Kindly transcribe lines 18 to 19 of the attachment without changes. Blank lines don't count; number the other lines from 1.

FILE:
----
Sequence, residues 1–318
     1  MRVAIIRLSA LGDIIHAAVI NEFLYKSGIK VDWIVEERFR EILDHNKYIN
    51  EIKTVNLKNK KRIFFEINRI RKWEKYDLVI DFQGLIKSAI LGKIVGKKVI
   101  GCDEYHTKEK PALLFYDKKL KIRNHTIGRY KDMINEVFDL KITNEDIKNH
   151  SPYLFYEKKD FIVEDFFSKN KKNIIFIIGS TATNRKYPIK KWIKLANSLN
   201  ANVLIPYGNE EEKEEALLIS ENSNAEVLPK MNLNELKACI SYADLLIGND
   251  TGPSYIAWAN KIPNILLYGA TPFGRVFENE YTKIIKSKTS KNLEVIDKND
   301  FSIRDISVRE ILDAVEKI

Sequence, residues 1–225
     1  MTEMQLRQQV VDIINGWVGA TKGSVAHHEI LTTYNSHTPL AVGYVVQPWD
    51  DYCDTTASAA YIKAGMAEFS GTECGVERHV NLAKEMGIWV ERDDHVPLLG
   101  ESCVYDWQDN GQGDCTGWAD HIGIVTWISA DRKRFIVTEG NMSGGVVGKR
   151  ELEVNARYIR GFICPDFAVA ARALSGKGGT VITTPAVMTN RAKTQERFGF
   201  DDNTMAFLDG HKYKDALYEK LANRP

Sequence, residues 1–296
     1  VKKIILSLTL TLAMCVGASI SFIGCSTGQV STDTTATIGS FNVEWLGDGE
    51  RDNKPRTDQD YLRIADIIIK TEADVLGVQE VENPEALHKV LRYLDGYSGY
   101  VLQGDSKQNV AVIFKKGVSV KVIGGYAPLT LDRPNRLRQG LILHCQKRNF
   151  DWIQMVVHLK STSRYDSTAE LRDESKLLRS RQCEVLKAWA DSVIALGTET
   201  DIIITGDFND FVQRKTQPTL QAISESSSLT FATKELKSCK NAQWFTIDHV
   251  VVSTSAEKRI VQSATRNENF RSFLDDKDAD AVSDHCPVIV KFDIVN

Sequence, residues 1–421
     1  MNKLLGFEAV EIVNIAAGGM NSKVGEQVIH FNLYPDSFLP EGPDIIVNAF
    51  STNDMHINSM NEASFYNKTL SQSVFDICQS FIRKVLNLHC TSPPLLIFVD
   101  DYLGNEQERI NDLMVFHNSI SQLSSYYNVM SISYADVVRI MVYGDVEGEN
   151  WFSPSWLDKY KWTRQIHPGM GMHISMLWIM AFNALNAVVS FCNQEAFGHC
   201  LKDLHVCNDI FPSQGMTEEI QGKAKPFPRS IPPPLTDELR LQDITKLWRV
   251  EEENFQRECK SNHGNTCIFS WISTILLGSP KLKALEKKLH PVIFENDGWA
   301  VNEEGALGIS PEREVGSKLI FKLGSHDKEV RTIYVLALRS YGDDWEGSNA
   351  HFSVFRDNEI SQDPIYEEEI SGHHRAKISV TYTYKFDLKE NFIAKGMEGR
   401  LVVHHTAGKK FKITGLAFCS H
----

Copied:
   101  VLQGDSKQNV AVIFKKGVSV KVIGGYAPLT LDRPNRLRQG LILHCQKRNF
   151  DWIQMVVHLK STSRYDSTAE LRDESKLLRS RQCEVLKAWA DSVIALGTET